Initially, diving was reserved exclusively for best prepared and healthy soldiers and scientists, who had to complete a demangind diving course. With the development of science, equipment and new technologies, diving has become a very popular sport, no longer reserved only for the best and the fittest. Today, almost everyone can dive, including children. When we talk about diving for children, we do not mean first attempts with mask and fins, but the proper scuba diving with full equipment – regulator, air tank, weights and compensator. Yes, all this equipment is almost the same as for adult divers, while the differences lie in the allowed length, content of the course, exercises in a swimming pool, and all the rules that apply for children’s diving.
Security, Playing and Safety
The diving course for children is very much different from the one designed for adults. Children can start with the first dive at the age of eight. All major diving associations have programs for children between the age of eight and twelve, in which children learn the laws and rules of diving through games, entertaining content in books, and cartoons. This training must be a combination of work in class and activities in the water, and instead of the final exam, children show to their parents what they have learned in a swimming pool. The main laws of physics and other important things are learned through games, and what is particularly emphasised throughout the whole teaching process is the importance of safety in diving. Most children enjoy activities in the water, while toys, games and fun tasks quickly help them lose any fear or insecurity. When they, however, do feel insecure, they are encouraged to stay close to their instructor, and later, as their confidence grows, a team of instructors must follow every move they make. For the whole duration of each dive, instructors have to be close enough to each young diver to be able to quickly catch them and take them to the surface if needed.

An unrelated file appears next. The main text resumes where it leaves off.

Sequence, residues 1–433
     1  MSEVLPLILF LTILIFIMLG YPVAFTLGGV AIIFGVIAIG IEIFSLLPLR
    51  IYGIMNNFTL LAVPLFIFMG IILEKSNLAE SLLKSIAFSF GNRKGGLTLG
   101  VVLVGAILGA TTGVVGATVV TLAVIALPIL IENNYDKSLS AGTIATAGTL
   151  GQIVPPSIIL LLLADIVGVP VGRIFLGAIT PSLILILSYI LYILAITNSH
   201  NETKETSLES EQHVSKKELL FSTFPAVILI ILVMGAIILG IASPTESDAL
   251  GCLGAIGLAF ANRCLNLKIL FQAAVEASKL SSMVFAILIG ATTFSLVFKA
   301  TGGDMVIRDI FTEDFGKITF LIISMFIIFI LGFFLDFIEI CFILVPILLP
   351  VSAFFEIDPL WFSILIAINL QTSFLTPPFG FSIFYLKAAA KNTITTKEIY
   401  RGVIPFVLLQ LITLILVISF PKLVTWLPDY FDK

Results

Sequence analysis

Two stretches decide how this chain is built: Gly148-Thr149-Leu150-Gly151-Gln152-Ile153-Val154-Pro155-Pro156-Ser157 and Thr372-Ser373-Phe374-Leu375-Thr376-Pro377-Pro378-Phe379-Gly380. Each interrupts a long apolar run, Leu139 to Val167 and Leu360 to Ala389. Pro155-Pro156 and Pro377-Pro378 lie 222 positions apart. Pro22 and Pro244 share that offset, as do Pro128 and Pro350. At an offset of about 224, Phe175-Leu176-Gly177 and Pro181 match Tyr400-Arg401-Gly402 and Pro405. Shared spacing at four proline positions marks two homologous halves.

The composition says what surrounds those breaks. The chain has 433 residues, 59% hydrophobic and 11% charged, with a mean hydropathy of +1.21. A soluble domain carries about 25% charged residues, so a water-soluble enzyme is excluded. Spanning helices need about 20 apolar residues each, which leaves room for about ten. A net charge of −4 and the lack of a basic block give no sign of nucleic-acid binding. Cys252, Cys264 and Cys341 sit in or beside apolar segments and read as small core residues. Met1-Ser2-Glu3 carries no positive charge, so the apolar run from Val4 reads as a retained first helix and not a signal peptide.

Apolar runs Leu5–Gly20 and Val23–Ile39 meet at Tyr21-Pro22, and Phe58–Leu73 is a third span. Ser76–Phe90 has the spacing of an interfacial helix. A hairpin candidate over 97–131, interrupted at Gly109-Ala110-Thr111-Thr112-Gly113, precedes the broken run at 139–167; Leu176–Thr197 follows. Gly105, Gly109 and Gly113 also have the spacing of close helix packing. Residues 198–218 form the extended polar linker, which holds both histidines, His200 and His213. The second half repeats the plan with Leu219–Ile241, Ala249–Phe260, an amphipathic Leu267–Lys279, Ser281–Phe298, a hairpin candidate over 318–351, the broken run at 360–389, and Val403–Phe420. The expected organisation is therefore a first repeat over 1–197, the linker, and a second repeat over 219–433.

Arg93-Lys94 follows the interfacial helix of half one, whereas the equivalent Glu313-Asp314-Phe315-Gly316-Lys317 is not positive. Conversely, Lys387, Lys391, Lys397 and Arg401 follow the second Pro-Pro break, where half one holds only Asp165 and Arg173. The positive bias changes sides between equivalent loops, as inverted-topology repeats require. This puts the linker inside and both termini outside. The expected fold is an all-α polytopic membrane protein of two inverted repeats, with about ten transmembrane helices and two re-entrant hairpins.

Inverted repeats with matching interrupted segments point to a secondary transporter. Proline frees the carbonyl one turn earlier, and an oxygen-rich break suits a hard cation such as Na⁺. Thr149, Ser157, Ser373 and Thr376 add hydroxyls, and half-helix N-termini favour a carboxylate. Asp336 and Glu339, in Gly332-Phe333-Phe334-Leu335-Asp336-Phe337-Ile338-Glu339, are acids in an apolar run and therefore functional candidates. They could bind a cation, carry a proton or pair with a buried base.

How Should Children Dive?
Diving for children has its own rules and restrictions, which must be strictly adhered to by all the involved parties, starting from each young diver to the instructor and owner of the diving center.
• Age. Each diving association has its own standards related to child diving, in which it clearly states the age when children can start diving (scuba). It does not really matter whether a child has already reached the depth of two meters only with fins and a mask at the age of six, or if every summer on vacation the child spends more time under water than on the beach. Before children reach the prescribed age, they should not dive with tanks. Period.
• Equipment. All children’s equipment is actually the same as for adults, but smaller. Mouthpiece of the regulator is smaller, hoses are shorter, and tanks range in size from five to seven liters. Children do not yet need diving computers, but all young divers should know all the parts of the equipment, how to assemble a scuba kit, how to take care of the equipment, and what is the purpose of each piece of equipment.